The loss of hand function is one of the most devastating consequences of Spinal Cord Injury (SCI) because of its severe impact on the everyday activities of daily living. Melbourne University Researcher Professor Mary Galea and Ms Natasha van Zyl, one of three specialist surgeons in the Upper Limb Program at Austin Health, supported by the Institute for Safety, Compensation and Recovery Research (ISCRR), are carrying out pioneering research in support of nerve transfer surgery for SCI patients in Victoria. The surgery involves plugging surplus live nerves into nerves that no longer work to reactivate muscles and restore movement in patients’ hands. One of the patients going through the surgery is Joel Sardi. Continue Reading »
Spinal Cord Injury News
Spinal Cord Injury News Articles
Helps detect the earliest signs of ulcer formation
Pressure ulcers (commonly known as bed sores) are one of the most troublesome and painful complications for patients during a long hospital stay, but a joint project between the Department of Veterans Affairs (VA) Center for Innovation and General Electric (GE) Global Research may one day make pressure ulcers a thing of the past.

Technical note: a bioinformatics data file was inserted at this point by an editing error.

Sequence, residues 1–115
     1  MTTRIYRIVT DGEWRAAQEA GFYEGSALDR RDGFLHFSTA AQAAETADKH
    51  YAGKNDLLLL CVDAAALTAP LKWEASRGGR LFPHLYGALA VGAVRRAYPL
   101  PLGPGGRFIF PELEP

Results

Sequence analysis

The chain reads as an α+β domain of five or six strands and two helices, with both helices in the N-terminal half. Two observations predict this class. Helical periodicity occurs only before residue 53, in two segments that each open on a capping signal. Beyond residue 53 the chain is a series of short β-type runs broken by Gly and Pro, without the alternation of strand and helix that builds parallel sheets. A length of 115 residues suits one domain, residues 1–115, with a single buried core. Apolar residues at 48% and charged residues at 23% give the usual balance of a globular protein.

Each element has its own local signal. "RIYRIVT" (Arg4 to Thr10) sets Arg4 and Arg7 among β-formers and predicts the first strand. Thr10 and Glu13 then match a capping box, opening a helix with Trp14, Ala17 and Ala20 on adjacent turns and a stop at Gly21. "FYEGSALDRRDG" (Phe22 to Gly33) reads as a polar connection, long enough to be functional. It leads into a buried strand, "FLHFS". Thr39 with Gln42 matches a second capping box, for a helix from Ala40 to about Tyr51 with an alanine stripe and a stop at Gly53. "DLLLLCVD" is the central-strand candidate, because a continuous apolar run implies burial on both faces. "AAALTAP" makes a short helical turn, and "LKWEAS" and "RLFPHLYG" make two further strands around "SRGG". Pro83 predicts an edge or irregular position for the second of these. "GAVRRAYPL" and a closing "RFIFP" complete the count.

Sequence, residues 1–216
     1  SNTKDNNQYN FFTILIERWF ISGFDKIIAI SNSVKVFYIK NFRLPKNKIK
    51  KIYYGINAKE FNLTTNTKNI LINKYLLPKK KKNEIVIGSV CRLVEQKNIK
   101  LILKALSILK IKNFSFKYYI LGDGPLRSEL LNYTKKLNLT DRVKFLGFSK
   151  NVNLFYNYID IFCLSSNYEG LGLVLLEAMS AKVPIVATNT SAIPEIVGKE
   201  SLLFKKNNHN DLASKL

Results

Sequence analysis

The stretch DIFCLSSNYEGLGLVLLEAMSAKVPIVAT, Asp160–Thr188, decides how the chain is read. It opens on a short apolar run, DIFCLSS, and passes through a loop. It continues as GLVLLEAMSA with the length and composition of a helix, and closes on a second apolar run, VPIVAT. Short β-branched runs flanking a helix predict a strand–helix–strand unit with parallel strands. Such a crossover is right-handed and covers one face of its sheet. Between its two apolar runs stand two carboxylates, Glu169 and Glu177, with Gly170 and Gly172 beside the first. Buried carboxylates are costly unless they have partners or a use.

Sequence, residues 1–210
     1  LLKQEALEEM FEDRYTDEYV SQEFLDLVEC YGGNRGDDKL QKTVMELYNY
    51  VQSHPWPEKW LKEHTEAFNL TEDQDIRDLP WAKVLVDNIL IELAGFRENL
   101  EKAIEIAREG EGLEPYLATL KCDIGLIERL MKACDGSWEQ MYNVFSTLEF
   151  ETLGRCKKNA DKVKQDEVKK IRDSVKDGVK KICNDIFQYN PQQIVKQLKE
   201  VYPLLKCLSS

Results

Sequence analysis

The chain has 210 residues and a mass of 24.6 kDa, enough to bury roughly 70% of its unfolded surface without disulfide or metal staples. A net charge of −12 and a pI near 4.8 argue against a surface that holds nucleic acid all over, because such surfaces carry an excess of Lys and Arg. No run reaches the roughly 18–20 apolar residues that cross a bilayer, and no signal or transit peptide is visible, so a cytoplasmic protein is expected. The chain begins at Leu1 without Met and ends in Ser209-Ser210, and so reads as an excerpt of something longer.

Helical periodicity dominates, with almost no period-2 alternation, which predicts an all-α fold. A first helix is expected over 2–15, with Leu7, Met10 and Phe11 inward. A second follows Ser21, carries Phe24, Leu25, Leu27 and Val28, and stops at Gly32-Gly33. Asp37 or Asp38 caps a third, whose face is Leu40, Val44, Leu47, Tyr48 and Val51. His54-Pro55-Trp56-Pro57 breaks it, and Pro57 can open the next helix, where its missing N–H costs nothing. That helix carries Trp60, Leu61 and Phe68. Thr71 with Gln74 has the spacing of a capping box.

A multi-disciplinary team of scientists have combined an array of sensing and analytical tools, including motion analysis, thermal profiling, image classification/segmentation, 3-D object reconstruction and vapor detection into a single medical sensing handheld probe to assess and monitor the progression of bed sores or pressure ulcers. Continue Reading »
The research objective of Dr.-Ing. Laura De Laporte, junior group leader at DWI – Leibniz Institute for Interactive Materials in Aachen, is to develop a minimally invasive therapy for spinal cord injury. Her goal and her scientific approach to develop an injectable material with the ability to provide biochemical and physical guidance for regenerating nerves across the injury site, was selected by the European Research Council (ERC). Laura De Laporte now receives a 1.5 Million Euro ERC Starting Grant for her project ANISOGEL. Continue Reading »
Damage to the spinal cord rarely heals because the injured nerve cells fail to regenerate. The regrowth of their long nerve fibers is hindered by scar tissue and molecular processes inside the nerves. An international team of researchers led by DZNE scientists in Bonn now reports in Science that help might be on the way from an unexpected quarter: in animal studies, the cancer drug epothilone reduced the formation of scar tissue in injuries to the spinal cord and stimulated growth in damaged nerve cells. Both promoted neuronal regeneration and improved the animals’ motor skills. Continue Reading »
United Spinal Association and The Buoniconti Fund are changing lives for the better through the Spinal Network.
Established in 2013, this large national network of peer support groups is dedicated to helping people with spinal cord injuries and diseases (SCI/D) discover greater independence and quality of life. The Spinal Network strives to set higher and more consistent standards for SCI/D peer support across the country. Continue Reading »